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For the week of Jan 29 - Feb 4, 2003

Opinion Columns

Antwone’s reminder

Commentary by JoELLEN COLLINS

The movie "Antwone Fisher" impressed me because its images remain after the popcorn is consumed and for many days after the final, moving scene has been played. I write this column not as a critic or as the inveterate moviegoer I am; many viewers may find the movie sentimental or suspect in its accuracy. Although I haven't read the facts of the real Antwone Fisher, the existence of his name as writer and producer attests to his authenticity. Whatever the reality of the portrayal, three things about the movie haunt me still.

The most obvious is the inspiration of seeing a story where the young hero triumphs over a desperately deprived and abusive childhood. Antwone learns to channel his rage and frustration over the cards he has been dealt into an affirmation of life. Unlike some other contemporary "heroes," Antwone seeks to overcome the violence he has displayed and discovers his value as a human being. No drugs, no obscenities, no abuse of women here. Just the discovery of love. I hope little boys in equally desperate circumstances can learn from him.

I am reminded of the saga of young Somali boys who simply walked away from the ravages of the civil war decimating their village. After experiencing the kind of terror most of us cannot imagine and spending years in refugee camps, they were flown to the United States for relocation. They have progressed from staggering bewilderment to living positive, joyous lives in their new country. These men attest to the power of healing.

The second thing that struck me is the ever constant and necessary reminder that, unlike the child Antwone, I have been blessed with material comforts and the kind of security that 90 percent of the world's peoples will never experience. When the movie hero visits a Cleveland housing project, my friend turned to me and said, "And we gripe about a two-bedroom condominium in Ketchum being too small!" Perhaps this sentiment is overwrought, but I agree with Martin Scorsese’s comments at the Golden Globes: sometimes a cliché is a cliché because it says the truth.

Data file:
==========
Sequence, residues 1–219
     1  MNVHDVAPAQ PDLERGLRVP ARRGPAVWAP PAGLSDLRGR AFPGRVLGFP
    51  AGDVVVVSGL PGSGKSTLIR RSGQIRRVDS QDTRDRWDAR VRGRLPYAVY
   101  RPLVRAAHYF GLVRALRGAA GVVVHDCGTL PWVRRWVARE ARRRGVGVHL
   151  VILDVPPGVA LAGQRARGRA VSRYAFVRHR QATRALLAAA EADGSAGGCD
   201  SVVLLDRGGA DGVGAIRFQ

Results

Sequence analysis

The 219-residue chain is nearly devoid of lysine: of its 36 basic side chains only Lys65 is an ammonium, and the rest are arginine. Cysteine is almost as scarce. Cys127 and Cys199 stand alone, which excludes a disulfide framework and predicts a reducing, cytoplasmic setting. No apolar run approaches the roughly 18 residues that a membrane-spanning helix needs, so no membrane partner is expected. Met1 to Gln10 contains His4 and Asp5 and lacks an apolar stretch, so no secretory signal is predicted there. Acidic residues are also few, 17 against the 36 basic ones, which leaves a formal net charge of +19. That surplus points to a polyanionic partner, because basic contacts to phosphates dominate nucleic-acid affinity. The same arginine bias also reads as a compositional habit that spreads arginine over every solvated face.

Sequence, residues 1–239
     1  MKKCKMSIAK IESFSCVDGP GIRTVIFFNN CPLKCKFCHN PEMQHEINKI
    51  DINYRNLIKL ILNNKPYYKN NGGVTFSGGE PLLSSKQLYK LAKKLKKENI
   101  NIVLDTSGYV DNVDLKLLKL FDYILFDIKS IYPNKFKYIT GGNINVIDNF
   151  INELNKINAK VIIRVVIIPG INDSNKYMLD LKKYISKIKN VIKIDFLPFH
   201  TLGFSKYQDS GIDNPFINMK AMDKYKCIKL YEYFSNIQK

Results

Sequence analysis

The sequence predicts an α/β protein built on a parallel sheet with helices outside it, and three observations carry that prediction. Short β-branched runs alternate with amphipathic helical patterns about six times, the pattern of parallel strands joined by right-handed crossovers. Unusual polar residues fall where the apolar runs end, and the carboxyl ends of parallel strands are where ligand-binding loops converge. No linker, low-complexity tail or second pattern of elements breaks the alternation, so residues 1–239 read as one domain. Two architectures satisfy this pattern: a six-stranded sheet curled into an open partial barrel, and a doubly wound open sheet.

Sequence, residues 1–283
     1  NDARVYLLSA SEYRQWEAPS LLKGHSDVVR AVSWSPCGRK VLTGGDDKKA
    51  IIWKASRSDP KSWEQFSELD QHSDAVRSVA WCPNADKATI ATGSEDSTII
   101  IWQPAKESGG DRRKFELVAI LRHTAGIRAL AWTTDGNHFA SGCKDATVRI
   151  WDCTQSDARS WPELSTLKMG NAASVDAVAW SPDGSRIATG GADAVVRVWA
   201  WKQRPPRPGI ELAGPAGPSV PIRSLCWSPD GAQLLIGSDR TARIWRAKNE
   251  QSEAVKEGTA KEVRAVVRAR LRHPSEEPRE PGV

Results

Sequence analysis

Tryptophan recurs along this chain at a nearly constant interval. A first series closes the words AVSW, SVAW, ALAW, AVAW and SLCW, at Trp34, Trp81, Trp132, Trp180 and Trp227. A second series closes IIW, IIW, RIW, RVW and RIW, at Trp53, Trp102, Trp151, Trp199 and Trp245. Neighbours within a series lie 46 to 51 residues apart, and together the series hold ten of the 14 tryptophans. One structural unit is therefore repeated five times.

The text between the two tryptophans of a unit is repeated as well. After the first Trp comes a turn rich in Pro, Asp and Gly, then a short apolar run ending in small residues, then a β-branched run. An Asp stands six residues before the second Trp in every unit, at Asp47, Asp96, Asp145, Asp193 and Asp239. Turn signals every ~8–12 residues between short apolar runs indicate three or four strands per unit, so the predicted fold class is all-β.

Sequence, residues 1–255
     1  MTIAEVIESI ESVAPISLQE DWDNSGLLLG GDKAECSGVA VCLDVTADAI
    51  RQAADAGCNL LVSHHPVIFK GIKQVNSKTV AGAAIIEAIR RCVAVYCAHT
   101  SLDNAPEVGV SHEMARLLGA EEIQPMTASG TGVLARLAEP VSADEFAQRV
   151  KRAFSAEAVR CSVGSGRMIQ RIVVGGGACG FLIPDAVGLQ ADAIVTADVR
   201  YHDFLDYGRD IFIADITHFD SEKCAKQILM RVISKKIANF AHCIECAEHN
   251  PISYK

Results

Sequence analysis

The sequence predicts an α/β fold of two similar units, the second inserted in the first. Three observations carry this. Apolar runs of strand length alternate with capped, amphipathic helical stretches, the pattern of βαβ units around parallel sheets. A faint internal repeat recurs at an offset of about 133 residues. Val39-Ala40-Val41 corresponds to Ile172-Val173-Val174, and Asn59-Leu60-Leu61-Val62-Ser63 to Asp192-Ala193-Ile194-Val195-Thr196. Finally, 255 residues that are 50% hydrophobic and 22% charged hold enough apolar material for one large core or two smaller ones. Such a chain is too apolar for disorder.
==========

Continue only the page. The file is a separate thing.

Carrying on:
The truth here is that I am tired of all the whining--my own included--about stock market losses in a world where even some Americans living in the wealthiest country in the world go home each day to unspeakable poverty, neglect and abuse. If my Thai friends--who live comfortably by Thai standards--could see my kitchen, modest by Wood River Valley requirements, they would think I am wealthy beyond any normal comparison. I don't say we have to feel guilty all the time for our abundance, but I do think it doesn't hurt to take time once in awhile to reflect on the bounties we experience. A little empathy for those suffering from a lack of creature comforts doesn’t hurt, either.

The "skinny" on the United States is that we have indeed become the fattest nation in the world, both physically and with the possessions we display. No wonder we are not universally beloved. Smug material accumulation is not attractive thrown in the face of a hungry mother, whether here in a tenement or in a mud hut in Ethiopia. Now with the explosion of television in even the most remote corners of the world, our version of the American dream may be off-putting. It is shining and yet repulsive at the same time – "Dallas" as seen by Bigger Thomas in "Native Son." I personally believe most Americans to be generous and giving but fear that quality is not evident to most of the rest of the world. The most memorable theme of "Antwone Fisher," to me, however, was the hero's quest for his mother. I am reminded of the children's book "Are you my Mother?", a story of a lost baby bird searching for his mother through encountering maternal samples of many species. He finds his mother and a happy ending at last. Unfortunately there are untold children even today, in our abundant society, who have not known their real mothers. And, like Antwone Fisher's, the quest may not result in the dreamed-of mommy. Some, fortunately, find good foster or adoptive homes; many do not. The movie reminds us that often there are no easy answers. When I was adopted, my parents told me they had gone to an orphanage filled with tiny bassinets. Way in the back of the room, they said, they saw a tiny hand waving in a slant of light, fell in love with the baby, and took her home. I never saw that story as the apocryphal one it probably was. While I was thrilled that they chose me, I had a question. What if I had been asleep, not waving my hand? What if they had skipped me for another more active baby? My blessings, I thought, were tentative; I could have wound up without a mother. So perhaps I identify more than many with the child left behind. Antwone found his destiny, though it wasn't what he imagined. Mine was better than anyone could imagine. Born in America, adopted by parents who adored me, given an education, I was able to eagerly grasp the world that opened to me. My heart aches for those who have not found their mothers or the security I have been given. Antwone, thanks for the reminder.

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